While my Mom does just about all the cooking in my house, it’s my father’s cooking that really makes me nostalgic. I can vividly remember waking up on a Saturday morning and bounding down the stairs in order not to miss the first of many Saturday morning cartoons. Slowly, the rest of the house would wake up too, and they would come down to the kitchen. And, if my brother and I were lucky, my father would cook us breakfast.
There was always great rejoicing when my father pulled the thick red cookbook out of the cupboard, because this meant waffles were on the way. He would bring out our waffle iron and in a few short minutes, my brother and I would be eating waffles: competing to see who could eat more.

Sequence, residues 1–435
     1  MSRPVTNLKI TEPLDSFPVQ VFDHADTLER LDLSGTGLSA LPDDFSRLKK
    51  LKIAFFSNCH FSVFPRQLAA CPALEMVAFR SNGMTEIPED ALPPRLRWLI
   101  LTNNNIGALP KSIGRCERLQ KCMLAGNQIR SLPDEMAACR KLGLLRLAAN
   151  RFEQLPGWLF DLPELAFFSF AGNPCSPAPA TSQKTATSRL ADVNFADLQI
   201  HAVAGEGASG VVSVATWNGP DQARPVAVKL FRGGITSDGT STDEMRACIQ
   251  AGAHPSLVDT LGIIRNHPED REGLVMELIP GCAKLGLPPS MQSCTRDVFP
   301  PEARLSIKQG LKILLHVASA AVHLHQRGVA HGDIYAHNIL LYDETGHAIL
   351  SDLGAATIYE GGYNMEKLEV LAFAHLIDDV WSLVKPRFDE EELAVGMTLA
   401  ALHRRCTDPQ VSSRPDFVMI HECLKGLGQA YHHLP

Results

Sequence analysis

Now, as a young woman, I can appreciate this thick red cookbook for more than just waffles. I enjoy flipping through it, looking at decadent pictures and then looking over to the recipes, reading the ingredients list and musing about how good that combination would taste. Even someone who is fairly unexperienced at real cooking can make the recipes in the Betty Crocker cookbook. The descriptions are detailed to the point where I can’t get anything wrong. The pictures are large and high quality, showing me exactly what I’m making should look like when it’s fully cooked. As for the recipes themselves: they are clearly high quality. I don’t recall ever eating something from the book that I did not like. Betty Crocker includes everything from desserts to steaks to soups and salads. The book is nothing but helpful and I can’t wait to buy my own copy and cook from it one day.